Clearly, something is rotten on Brigid’s Island. What method is behind the madness? Was Hildy murdered? The police insist there’s not enough evidence to launch a murder investigation. Instead, Summer and her Aunt Agatha screw their courage to the sticking place and start sleuthing, with the help of Hildy’s beloved book club. But there are more suspects on Brigid’s Island than are dreamt of in the Bard’s darkest philosophizing. And if Summer can’t find the villain, the town will be littered with a Shakespearean tragedy’s worth of corpses–including her own.
This sounded like the perfect book for me: I love the beach, books, and bookstores, and I enjoy reading Shakespeare. But it didn’t quite hit the mark. I figured out who the killer was early on, so none of the red herrings really worked.
There were entirely too many similar female characters—some even had similar names—so I didn’t have much luck keeping them sorted out. Summer was a bit of a wash for me, too: the whole premise of why her career was on the line was ridiculous and she kept doing things that just didn’t make sense: I’m pretty sure if my mother had just been murdered and someone had lit my house on fire while I was asleep inside it, I would not have been running all over town by myself—and I certainly wouldn’t have been walking anywhere alone.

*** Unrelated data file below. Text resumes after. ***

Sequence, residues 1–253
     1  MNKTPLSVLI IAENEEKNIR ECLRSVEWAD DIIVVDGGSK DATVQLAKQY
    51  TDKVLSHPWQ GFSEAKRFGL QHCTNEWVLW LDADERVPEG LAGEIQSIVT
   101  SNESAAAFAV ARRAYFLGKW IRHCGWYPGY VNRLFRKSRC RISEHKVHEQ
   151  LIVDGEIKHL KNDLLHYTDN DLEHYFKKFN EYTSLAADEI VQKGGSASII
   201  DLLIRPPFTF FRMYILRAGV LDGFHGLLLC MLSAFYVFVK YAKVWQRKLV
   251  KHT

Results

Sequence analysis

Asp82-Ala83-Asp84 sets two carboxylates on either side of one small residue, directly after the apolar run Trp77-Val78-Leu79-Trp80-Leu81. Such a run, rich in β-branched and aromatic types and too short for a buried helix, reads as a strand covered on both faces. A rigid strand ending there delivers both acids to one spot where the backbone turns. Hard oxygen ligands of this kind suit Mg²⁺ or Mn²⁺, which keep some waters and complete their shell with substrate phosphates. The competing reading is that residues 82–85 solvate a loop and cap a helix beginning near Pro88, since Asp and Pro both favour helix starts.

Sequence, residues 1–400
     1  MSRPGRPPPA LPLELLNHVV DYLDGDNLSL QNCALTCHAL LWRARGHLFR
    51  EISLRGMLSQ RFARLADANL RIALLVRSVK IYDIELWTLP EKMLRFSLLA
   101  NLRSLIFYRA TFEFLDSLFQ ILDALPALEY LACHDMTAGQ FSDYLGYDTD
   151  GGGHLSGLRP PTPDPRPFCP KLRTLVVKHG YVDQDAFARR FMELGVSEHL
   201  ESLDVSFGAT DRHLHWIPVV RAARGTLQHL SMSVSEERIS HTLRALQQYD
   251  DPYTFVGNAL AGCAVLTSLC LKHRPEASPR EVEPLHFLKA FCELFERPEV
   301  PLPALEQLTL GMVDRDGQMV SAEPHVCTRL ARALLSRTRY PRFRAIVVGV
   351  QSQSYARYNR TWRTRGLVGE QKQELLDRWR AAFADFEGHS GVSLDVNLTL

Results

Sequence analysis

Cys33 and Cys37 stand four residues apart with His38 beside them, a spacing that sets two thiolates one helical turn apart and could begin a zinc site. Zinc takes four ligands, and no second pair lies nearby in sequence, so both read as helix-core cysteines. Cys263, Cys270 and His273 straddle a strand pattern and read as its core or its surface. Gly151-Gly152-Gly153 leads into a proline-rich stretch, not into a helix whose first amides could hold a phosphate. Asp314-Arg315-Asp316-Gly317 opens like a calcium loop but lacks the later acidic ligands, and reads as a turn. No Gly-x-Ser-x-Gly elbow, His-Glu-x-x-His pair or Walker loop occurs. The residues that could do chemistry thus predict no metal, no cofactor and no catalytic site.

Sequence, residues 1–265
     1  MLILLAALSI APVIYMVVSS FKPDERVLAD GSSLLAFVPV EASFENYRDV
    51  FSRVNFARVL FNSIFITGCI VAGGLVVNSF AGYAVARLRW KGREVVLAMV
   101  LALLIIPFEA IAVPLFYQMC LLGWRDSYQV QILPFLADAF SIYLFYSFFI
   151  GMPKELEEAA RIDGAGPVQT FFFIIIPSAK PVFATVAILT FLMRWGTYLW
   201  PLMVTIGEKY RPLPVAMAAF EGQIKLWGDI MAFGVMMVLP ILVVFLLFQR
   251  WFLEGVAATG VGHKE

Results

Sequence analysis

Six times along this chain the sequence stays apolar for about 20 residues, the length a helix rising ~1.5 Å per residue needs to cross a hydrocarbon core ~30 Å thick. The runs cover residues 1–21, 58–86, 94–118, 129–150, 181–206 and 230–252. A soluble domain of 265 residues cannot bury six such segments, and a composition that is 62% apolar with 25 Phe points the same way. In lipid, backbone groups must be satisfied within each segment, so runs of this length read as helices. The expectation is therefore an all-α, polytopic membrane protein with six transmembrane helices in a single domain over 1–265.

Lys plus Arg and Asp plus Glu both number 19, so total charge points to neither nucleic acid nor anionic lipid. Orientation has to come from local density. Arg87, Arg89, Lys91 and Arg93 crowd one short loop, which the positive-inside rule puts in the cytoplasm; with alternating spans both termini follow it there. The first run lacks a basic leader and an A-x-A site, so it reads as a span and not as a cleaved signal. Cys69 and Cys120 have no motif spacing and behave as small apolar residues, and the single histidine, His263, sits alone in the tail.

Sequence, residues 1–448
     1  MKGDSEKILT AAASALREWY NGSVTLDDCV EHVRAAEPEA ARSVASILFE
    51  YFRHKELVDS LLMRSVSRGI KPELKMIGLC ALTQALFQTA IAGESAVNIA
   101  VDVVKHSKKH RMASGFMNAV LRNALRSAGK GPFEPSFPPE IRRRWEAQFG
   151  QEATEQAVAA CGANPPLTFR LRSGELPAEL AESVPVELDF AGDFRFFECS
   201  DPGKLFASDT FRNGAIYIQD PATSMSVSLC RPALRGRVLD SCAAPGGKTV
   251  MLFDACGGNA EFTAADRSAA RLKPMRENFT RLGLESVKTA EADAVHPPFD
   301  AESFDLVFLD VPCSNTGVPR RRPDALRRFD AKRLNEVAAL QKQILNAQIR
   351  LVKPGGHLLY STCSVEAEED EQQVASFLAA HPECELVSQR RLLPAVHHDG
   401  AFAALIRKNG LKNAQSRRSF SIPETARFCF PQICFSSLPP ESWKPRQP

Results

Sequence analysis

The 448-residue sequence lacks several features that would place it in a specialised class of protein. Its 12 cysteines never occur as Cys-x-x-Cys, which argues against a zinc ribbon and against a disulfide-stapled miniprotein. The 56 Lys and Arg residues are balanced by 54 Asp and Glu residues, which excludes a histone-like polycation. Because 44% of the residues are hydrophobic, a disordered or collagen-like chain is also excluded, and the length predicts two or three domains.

Maggie Blackburn also writes under the name Mollie Cox Bryan. Little Bookshop of Murder is the first book in her new series.
(Galley courtesy of Crooked Lane Books in exchange for an honest review.)
Tabby has a peculiar gift: she can communicate with the recently departed. It makes her special, but it also makes her dangerous.
As an orphaned child, she fled with her sister, Alice, from their charlatan aunt Bellefonte, who wanted only to exploit Tabby’s gift so she could profit from the recent craze for seances.
Now a young woman and tragically separated from Alice, Tabby works with her adopted father, Eli, the kind caretaker of a large Boston cemetery. When a series of macabre grave robberies begins to plague the city, Tabby is ensnared in a deadly plot by the perpetrators, known only as the “Resurrection Men.”